So the question becomes, what is “the self”? Is the self what we say it is, as seen from the inside? Is the self what others say it is? I’m going to muddy the waters further. What both your conception of self and my conception of self does not take into account is the role of the body. I’m not referring to your mind (at least not solely) but your gendered body as a complete entity. You are female. I am male. Our conception of self is radically different because of this difference. (See, for example, this article on feminist perspectives of the self: ) The self that is reflected back to us by the world is different because of our gendered bodies. (Imagine, for a moment, that we could switch bodies. What would happen to our conception of our self? A funny view of switched bodies is in the movie with Ellen Barkin, aptly titled “Switch.” See: ) Is that something we should take into account when we try to make sense of our self? To make the waters even more murkier, what kind of conception of self does a transsexual have? (Here’s an interesting movie on the subject: )

    <segue to different topic>
    You are correct about some the deficiencies in the drawing. The two-dimensionality of the drawing along with the solid border/boundary, belies the potential (actual?) fluidity that is possible. But in some respects, isn’t that usually the problem with visual representations of four-dimensional phenomena? Something gets lost when it is captured.

    <segue to one more topic>
    You need to post three more lengthy comments and THEN you can be awarded a Master’s in Philosophy.

    Most importantly, thank you so much for the compliments about my post and blog. Your comments, and the comments of others, are the mental nutrients that are so vital to the growth of a healthy blog. (Almost sounds like a commercial for a breakfast cereal…no?)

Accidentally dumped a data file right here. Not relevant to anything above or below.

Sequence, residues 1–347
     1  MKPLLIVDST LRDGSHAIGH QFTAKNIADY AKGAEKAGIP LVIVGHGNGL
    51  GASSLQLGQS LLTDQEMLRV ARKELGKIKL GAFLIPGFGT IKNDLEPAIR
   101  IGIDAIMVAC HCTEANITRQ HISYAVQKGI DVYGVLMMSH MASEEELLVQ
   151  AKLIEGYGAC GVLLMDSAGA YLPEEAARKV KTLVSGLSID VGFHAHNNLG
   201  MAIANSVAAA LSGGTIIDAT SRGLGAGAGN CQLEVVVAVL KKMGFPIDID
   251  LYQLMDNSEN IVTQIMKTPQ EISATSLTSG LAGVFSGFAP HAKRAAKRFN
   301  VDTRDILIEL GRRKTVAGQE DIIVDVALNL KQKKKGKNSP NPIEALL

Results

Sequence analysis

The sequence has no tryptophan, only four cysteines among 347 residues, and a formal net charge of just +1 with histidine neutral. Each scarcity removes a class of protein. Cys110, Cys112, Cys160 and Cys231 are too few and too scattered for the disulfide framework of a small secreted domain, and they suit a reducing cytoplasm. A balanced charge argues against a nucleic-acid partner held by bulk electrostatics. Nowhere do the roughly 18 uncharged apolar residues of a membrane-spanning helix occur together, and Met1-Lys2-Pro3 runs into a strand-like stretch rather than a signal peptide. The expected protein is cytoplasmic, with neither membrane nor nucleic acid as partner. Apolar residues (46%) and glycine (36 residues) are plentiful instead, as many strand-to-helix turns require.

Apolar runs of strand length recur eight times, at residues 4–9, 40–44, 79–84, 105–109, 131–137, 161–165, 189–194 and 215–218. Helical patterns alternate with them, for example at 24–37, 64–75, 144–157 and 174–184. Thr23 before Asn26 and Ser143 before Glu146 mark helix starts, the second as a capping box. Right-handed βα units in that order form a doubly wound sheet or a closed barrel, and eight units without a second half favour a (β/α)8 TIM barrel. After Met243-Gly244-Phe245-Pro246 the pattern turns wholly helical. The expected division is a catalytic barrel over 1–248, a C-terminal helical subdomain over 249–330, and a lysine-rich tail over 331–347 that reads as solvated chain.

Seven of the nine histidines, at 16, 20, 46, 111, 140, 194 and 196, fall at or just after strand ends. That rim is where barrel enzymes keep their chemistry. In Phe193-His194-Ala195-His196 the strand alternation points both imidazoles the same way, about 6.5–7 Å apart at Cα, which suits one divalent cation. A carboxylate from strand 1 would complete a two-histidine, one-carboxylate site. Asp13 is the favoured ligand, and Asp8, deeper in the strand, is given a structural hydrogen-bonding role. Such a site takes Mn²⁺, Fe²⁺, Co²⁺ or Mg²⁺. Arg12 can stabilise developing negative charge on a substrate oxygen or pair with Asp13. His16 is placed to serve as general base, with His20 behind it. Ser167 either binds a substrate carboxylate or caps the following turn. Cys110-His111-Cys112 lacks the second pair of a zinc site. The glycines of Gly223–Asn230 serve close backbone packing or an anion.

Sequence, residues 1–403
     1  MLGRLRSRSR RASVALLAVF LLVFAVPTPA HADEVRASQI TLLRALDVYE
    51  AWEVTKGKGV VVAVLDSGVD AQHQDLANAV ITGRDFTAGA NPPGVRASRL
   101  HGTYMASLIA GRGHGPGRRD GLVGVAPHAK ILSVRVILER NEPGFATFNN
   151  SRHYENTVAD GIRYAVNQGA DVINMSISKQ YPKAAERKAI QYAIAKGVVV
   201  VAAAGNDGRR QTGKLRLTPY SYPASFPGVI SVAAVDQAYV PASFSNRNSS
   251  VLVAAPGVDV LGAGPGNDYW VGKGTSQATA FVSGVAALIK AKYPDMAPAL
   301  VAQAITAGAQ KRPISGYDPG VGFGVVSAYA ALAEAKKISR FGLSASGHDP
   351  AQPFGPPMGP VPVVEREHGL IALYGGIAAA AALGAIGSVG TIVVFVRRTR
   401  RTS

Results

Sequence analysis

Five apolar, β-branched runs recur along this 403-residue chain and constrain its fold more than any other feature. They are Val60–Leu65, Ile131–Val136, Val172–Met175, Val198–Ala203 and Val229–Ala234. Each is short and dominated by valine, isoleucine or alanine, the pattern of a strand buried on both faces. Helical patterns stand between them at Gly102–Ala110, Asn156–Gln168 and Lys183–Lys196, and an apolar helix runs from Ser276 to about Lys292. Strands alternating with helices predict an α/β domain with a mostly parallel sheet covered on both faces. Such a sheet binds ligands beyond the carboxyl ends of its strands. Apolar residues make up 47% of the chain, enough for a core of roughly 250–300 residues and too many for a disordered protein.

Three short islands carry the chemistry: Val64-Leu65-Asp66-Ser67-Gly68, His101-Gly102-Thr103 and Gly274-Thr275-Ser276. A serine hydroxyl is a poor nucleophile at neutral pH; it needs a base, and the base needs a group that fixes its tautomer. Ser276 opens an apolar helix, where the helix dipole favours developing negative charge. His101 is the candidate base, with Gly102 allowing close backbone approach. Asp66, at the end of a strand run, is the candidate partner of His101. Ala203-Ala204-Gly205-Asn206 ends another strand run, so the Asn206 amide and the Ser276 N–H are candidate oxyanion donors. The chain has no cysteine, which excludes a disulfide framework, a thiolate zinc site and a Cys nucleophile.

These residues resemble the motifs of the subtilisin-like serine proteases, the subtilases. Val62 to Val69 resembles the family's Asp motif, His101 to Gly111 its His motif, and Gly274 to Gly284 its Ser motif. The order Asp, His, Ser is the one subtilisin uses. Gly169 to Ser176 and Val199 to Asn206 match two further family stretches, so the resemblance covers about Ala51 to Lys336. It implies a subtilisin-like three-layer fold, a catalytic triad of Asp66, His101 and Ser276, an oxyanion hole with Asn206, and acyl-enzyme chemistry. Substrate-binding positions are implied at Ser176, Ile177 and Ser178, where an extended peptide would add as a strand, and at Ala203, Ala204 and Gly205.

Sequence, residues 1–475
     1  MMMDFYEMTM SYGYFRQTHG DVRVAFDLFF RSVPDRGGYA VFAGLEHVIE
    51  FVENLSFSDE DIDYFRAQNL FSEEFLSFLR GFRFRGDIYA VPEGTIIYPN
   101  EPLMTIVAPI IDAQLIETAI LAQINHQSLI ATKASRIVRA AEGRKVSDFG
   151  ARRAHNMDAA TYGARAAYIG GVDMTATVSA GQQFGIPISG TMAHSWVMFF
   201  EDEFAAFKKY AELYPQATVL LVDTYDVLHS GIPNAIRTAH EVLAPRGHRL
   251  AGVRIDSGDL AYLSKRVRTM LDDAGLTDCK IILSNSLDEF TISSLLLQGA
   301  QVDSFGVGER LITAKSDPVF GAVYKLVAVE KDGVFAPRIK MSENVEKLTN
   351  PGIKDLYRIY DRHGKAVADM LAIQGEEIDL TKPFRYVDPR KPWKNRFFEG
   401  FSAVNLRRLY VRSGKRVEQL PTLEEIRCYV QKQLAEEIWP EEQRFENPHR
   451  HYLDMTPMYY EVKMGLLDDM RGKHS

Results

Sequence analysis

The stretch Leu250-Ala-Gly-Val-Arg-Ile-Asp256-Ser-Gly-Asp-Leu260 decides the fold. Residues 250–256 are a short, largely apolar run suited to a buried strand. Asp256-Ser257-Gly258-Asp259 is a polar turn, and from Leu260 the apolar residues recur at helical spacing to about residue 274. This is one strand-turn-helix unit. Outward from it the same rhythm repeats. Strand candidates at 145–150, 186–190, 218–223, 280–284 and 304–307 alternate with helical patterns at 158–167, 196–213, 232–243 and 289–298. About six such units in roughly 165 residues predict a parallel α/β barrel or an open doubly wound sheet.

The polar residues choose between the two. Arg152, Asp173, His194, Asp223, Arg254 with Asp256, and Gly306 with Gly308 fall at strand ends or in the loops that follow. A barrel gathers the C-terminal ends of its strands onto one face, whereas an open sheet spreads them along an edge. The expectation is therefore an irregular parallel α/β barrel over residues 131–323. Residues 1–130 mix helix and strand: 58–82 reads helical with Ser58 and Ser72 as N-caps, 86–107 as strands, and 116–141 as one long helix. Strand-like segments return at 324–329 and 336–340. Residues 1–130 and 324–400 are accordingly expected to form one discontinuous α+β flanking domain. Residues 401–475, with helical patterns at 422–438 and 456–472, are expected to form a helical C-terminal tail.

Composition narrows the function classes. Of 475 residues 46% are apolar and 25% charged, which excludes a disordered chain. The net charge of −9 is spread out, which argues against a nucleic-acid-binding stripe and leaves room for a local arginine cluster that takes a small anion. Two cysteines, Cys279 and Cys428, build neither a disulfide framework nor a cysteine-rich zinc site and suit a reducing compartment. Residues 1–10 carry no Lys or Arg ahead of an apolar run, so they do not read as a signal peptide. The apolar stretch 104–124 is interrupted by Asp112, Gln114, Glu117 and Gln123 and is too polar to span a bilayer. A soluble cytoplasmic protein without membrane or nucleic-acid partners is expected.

• Deb


    Being a bully is intentionally bad behavior and should be punished. Sure (s)he needs help figuring out why(s)he’s a bully, but I bet(s)he really doesn’t care. When we pay our bills late we are punished by bad credit scores and late fees. But this behavior is not one of an interpersonal relationship. We care a lot and beat ourselves up and curse the windmill, why do I always have to pay late,&%#$! I don’t think a bully goes home and beats themselves up and says “why did I have to hit that kid, again!”

    Maybe a better example of what I mean –

    BEFORE I GET MARRIED – I am not faithful to my partner. I am bored easily with relationships and enjoy the game of dating. I am perceived as someone who doesn’t care about the feelings of others. That might not be true. I may care deeply and hope people will think of me fondly, but if I have hurt them, I cannot expect a different reaction. Therefore I may view myself as a shallow person. I may picture myself as someone who just doesn’t do well in a committed relationship, so I may not put any effort into establishing a close one, but I long for it, and beat myself up for sabotaging another relationship. This colors my perception of what I can expect from myself. If I get help with understanding this behavior and am shown a different way to think about those feelings that creep in to a relationship (hello ADD), I can reframe my thinking, learn what to do when those feeling show up and move to establish a happier, committed relationship, like other people do. My intention will match my behavior.

    The title, “I’m not Lazy, Crazy or Stupid” speaks to this “mismatch” of perception that we suffer. I don’t mean to appear this way, but I do, and eventually when enough people tell you that’s the way you are you start to believe it, but you know deep inside that you are misunderstood.


    I am wandering around that frontierland, too. I am going so quickly that I don’t see the boundaries, either. That is why I think of ADD as more of a distortion of perception, a “misperception” of thought” on my part and others. People I choose to tell about my ADD think I am making it up. When I told my husband a few years ago about my self diagnosis, he thought I was jumping on a fashionable “disease du jour”. Now he understands (somewhat), and he doesn’t hate me nearly as much (I hope).